In the recovery room, which was also the waiting room (waiting to breathe again, waiting to stop shaking), I ate the cookies the nurse brought me. The surgeon stood in the doorway in street clothes. “It looks good,” he said. A red line from where the mask had pinched his cheek under his glasses was still there.
“There’s still a chance, though, of disease,” he said.
“I know.” Let’s just find out, I thought, I can handle it. Bryan doubts it, but I do not. I don’t care if it’s first stage. I can handle those extra bubbles in the cell’s soap, toxic as DDT. I will blast them with my X-ray vision, I will suck them into little flowers, I will irradiate them with the sun that burns like a sword in my dreams. I can handle anything up to third stage. If it progresses beyond that, I’ll cover the mirror myself.
“We’ll know in about a week.”
“Fine. Thank you.” I snuffed down another cookie from the plate. There was a pale trembling in my solar plexus still. Bryan hadn’t arrived; they were bringing him up from the other waiting room. It had been only three years since he brought his mother, Millie, to this hospital for the last time.
“Great cookies,” I said to the surgeon, but he’d already gone. I ate all of them, little round vanilla ones, hard and riddled with preservatives. A hundred year shelf life, just in case. The people who process food on this planet are pathological. Section their breast tissue and you’d find cookie crumbs, powdery, indestructible; they’re never going to die.
“Let’s go,” I said when Bryan arrived. I adjusted the bag of frozen peas they’d given me to put in my bra. The cold prevents excess swelling from the blood under the incision, they told me. The bilicarbon in the blood breaks down when it’s cut, or burnt as they did in the surgery to stop it from flowing out of my chest — the smell is normal, they kept telling me, the sound is normal, as the cauterizing machine went on and off. What the smell was I couldn’t tell; electrical, perhaps, but not the iron-sweat of menstrual blood, my blood, as I know it. I buttoned my shirt.
Bryan eyed the peas, “We’ll have those for dinner.” He was watching me. At times like this he’s careful not to ask too many questions. Go with the flow. Women are a puzzle he doesn’t try to solve, an old-fashioned theory he admits, but just as good as the new ones, which are not going to pan out either.
That morning in the hospital, four days ago now, he was pale under his beard. He held my left elbow when I stood up.
He let go. My breast, the breast, is on the right. Shameless, I admit. Beneath me. The trouble with marriage (or maybe its secret charm) is that everything can be someone else’s fault. The bands go on, you are joined, and the world divides.
The deep lines around my mouth in the car mirror (Bryan was putting my bag, an overnight bag just in case, into the trunk) are not from smoking. I imagined telling someone this; I don’t know who. A plastic surgeon, a cosmetician? “I didn’t smoke.” That much, at least, is true. I will say (I have rehearsed this many times) that the lines around my mouth are from too much sun in my teenage years. It struck me, just as Bryan got in, readjusted the rear-view mirror and sighed to our dog, Frank, licking his paw in the back seat, that this was a bold-faced lie. I went out in the sun like a fool every summer until I was thirty-seven years old. Eight years ago. That is the truth. I didn’t mind if sweat washed off the anti-radiation lotion, I didn’t replace it. I just pretended I cared. I even scolded Alice’s girls in the yard next door for basking in their bikinis without protection. To whom do I direct this deception?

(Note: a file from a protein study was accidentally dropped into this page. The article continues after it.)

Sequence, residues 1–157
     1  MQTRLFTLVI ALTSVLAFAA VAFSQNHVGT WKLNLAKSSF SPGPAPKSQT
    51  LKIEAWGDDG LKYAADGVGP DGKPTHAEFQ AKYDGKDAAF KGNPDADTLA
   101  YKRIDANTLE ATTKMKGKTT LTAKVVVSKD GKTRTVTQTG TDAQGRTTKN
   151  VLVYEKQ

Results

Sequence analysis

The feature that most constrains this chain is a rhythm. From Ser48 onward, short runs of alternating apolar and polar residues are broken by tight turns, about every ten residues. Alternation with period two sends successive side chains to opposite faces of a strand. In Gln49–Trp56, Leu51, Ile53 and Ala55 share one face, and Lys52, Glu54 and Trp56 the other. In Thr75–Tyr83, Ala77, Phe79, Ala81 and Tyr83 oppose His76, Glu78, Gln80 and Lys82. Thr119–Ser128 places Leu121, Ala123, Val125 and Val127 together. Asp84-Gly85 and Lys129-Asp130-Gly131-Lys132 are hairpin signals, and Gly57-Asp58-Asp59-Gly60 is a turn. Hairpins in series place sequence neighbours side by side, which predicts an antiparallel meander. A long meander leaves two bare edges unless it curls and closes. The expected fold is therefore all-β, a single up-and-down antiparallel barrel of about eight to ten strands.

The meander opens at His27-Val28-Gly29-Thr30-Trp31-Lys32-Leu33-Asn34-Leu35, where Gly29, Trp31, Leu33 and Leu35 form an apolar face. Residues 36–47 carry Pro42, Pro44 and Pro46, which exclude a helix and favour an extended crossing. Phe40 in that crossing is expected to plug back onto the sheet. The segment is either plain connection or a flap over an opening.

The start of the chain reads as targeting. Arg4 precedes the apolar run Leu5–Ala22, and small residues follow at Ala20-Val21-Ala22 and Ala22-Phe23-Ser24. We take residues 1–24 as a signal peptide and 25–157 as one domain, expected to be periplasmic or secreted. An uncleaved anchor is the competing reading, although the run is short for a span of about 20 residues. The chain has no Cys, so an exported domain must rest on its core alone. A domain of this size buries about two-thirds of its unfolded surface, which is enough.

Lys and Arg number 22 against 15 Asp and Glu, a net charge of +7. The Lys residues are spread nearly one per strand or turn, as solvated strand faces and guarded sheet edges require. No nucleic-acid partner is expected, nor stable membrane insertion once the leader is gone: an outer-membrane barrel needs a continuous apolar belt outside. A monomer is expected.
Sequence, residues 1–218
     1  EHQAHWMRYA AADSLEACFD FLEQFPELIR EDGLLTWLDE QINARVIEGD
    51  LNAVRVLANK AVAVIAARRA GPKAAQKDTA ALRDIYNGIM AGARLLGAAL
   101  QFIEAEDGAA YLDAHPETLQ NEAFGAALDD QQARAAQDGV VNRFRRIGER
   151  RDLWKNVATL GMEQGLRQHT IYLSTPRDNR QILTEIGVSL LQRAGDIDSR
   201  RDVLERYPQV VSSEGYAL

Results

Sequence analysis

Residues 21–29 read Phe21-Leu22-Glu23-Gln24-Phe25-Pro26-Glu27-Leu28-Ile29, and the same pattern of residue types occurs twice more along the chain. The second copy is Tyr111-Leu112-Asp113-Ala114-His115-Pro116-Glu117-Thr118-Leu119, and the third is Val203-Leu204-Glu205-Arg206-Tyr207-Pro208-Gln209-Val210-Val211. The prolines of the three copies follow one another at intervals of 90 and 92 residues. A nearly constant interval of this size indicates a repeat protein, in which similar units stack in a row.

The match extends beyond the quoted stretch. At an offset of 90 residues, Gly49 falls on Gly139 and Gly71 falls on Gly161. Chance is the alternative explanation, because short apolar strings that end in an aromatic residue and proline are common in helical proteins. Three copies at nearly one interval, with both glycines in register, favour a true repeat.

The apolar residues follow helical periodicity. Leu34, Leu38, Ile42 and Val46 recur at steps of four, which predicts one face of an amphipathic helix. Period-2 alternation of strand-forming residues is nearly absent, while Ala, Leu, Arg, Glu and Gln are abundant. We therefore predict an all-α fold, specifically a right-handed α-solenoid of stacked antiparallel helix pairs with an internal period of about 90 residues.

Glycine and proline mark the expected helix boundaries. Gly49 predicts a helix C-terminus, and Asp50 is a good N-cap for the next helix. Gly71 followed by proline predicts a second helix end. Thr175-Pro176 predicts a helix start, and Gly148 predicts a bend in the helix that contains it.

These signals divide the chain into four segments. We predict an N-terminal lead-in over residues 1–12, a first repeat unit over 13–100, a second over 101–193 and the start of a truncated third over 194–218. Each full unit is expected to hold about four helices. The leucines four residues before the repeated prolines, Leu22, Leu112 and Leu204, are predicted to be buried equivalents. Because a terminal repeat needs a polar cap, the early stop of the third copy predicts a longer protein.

When I put my reading glasses on, these lines are greatly magnified. At least I hope they are. (The excised tissue is magnified, they reassured me, when they hung the X-ray in the view box.)
Right now, I could use a drink. Alcohol is a balm for the breastless. What? For the blameless. I don’t like these little slips. The day the mammography results came back irregular, three weeks ago, my watch stopped. The jeweller said the battery had corroded inside the case but the sight of my watch, reliable for years, still and quiet, stopped me cold. No! I thought. Not yet! I didn’t tell Bryan.
Can he see those lines pinching the top of my lip? Probably. Think of that. (Maybe he doesn’t know whether I’m beautiful, just like I don’t. (If I don’t know, that might mean I am?)) Anyway, there they are. And to top it all off, my mouth is caving in. Not so as you’d notice it yet, but my dentist– a woman–pointed it out. It’s age, she said, nothing to be done for it. She doesn’t believe in orthodontistry and I draw my own line there as well. After four or five thousand dollars your teeth just pull back into place. They know how old they are; they can’t be deceived.
A few blocks from the hospital, Bryan started to relax. He was humming something, I couldn’t hear what, a Miles Davis solo, probably, early sixties, his favourite period. His arms looked nice in his short-sleeved shirt, his biceps in good form from lifting weights at the gym three times a week. Men keep longer.
The strange buoyant feeling I had after the cookies, the feeling I’d aced it, had passed. “The autopsy results will be in next Wednesday,” I told him.
“Biopsy, Maudie,” he said.
“That’s what I said.”